Furthermore, the space activity must not impede Austria's obligations under international law or foreign policy interests.25 In assessing the issue, the BMK must consult with the Federal Minister of Foreign Affairs and the Federal Minister of Defence.26 Such impairment could exist, for example, in the case of Earth observation.27

Pursuant to Section 4(1)(4) in conjunction with Section 5 of the OSA, the operator must make provisions for the mitigation of space debris in accordance with the state of the art and due consideration of internationally recognised guidelines on this matter. The operator must also take precautions for end-of-life activities, at the conclusion of the space activity.28 This requires consideration of technical, legal and economic factors.29 In addition, the space activity must not cause any contamination of space or any harmful change to the environment.30

Finally, the operator must comply with the requirements of the International Telecommunication Union (ITU) with regard to orbital positions and frequency allocation, and have sufficient liability insurance (see Section II.iii).

The BMK must decide on the application for authorisation within six months. It may stipulate conditions and requirements for the approval.31 Where the OSA does not contain any specific procedural law provisions, general administrative procedural law provisions apply.

The applicant has to cover the costs of necessary expert reviews and security clearance, and pay a procedural fee of €6,500.32

iii Liability and insurance

In the case of liability for damage caused by a space object, a distinction must be made between recourse by the federal government and the direct liability of the operator.

If Austria has compensated an injured party for damage caused by a space activity based on its obligations under international law, the federal government has a right of recourse against the operator under Section 11(1) of the OSA. For damage occurring on the surface of the Earth or to an aircraft in flight, recourse is limited to the amount of the sum insured. This privilege does not apply if the operator or its agents are at fault or in the case of unauthorised space activities.33 Insurance coverage of a minimum sum of €60 million34 must be obtained for every space activity. The BMK may allow a reduction of the insurance sum if it is in the public interest, in particular if the space activity is useful for science, research or education.35

The operator itself is directly liable according to the rules of civil law. According to Section 1295, Paragraph 1 of the Austrian Civil Code, any person can claim compensation for damage culpably caused to them by another person. However, jurisprudence and case law have evolved specific legal provisions on strict liability for certain dangerous activities into general strict liability for particularly hazardous activities. It is generally accepted that principles of strict liability applying to motor vehicles, railways, aircraft, nuclear power plants or pipelines, for example, apply by analogy to other dangerous activities.36 Space activities are considered hazardous activities. The strict liability established in the existing statutes is limited to certain amounts in each case. As these liability limits are always based on the legally required minimum insurance sum,37 the space operator's strict liability is limited to €60 million.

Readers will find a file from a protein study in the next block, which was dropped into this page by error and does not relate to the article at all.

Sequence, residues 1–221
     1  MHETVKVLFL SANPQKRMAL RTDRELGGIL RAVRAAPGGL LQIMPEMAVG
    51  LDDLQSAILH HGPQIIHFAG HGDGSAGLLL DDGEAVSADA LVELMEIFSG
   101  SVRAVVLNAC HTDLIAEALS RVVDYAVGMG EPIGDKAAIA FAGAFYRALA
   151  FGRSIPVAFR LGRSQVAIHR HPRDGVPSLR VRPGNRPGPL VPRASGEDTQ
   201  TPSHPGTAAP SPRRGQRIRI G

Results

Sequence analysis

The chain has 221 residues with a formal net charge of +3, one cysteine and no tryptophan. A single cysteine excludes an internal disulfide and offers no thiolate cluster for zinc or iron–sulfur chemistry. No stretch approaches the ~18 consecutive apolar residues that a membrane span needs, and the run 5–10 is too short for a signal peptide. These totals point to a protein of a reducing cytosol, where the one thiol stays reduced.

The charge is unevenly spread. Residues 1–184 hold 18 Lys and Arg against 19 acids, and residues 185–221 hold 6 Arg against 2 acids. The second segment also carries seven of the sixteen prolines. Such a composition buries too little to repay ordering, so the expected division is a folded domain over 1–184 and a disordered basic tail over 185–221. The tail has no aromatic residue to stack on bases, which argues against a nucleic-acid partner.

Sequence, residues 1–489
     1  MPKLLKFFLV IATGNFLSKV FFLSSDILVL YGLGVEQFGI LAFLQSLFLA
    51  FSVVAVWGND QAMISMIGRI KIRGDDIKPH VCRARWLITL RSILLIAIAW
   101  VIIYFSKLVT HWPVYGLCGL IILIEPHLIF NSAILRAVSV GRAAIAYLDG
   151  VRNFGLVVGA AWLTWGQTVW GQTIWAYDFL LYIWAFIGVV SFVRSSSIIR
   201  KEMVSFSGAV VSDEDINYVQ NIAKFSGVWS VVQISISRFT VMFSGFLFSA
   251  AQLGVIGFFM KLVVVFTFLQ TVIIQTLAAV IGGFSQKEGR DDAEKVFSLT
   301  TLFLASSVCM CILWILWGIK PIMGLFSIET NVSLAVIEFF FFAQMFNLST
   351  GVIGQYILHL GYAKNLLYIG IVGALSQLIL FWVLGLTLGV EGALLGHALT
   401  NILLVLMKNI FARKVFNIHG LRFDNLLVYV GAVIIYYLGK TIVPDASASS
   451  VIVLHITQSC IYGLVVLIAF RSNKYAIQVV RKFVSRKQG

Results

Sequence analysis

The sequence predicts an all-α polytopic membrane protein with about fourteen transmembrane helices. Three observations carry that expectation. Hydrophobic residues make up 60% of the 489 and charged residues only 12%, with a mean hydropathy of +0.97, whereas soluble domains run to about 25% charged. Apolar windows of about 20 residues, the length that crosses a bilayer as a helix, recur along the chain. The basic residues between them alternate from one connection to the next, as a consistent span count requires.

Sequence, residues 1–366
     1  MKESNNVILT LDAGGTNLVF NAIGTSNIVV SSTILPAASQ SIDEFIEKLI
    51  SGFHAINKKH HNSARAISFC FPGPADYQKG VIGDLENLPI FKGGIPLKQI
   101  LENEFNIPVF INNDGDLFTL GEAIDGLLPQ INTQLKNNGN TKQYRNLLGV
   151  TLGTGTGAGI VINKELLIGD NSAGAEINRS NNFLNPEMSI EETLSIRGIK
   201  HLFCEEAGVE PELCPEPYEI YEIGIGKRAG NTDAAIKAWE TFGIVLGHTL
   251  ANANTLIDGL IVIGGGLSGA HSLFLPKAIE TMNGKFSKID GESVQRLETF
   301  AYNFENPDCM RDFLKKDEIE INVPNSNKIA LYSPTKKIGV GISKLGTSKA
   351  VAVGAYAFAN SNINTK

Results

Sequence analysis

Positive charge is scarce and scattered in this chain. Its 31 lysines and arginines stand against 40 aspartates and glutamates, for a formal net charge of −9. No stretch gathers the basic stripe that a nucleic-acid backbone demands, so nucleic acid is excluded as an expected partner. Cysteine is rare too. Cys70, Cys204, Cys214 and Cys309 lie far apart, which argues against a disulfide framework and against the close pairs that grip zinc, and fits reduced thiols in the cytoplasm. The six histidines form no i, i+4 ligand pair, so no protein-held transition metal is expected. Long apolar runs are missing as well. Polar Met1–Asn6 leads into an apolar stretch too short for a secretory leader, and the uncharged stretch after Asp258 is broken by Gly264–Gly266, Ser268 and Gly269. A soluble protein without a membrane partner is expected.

iv Registration

All space objects for which Austria is considered the launching state in the terms of the Registration Convention must be entered in the Austrian Registry for Space Objects, which is administered by the BMK. If other states are also considered launching states, it must be determined by agreement which state will perform the registration.38 The information to be entered is determined by Section 10 of the OSA and Section 6 of the OSR. The Space Registry can be found on the BMK's website.39

v Monitoring

Even after permission has been granted and the space object has been launched, the space activity is subject to continued monitoring by the BMK in accordance with Section 13 of the OSA. For this supervision right to be exercised efficiently, the operator must grant the BMK access to all facilities and allow inspection of all documents.

If the authorisation requirements are no longer met or if defined conditions are not complied with, the BMK must revoke the authorisation in accordance with Section 7 of the OSA. In the event of such withdrawal, the operator may be required to take measures for the temporary continuation or safe completion of the space activity. If these measures are not met, the BMK may transfer control of the space object to any other operator.

Violations of the OSA are sanctioned with a fine of up to €100,000. If a space activity is carried out entirely without authorisation, the minimum fine is €20,000.40

vi Dispute resolution mechanisms

Approval of space activities or fines imposed under the OSA are legally qualified as administrative decisions. According to Article 130, Paragraph 1, No. 1 of the Federal Constitutional Law, such decisions can be challenged by appeal to one of the regional administrative courts41 on the grounds of unlawfulness. Under certain prerequisites, the decision of the regional administrative court may still be appealed to the Constitutional Court or the Supreme Administrative Court.

If the BMK has not reached a decision within six months of filing the application, an appeal on the grounds of delay may be filed before the regional administrative court in accordance with Article 130, Paragraph 1, No. 3 of the Federal Constitution Law. If the BMK has not made a decision within three months of the submission of the appeal, the regional administrative court will be competent to decide on the application.42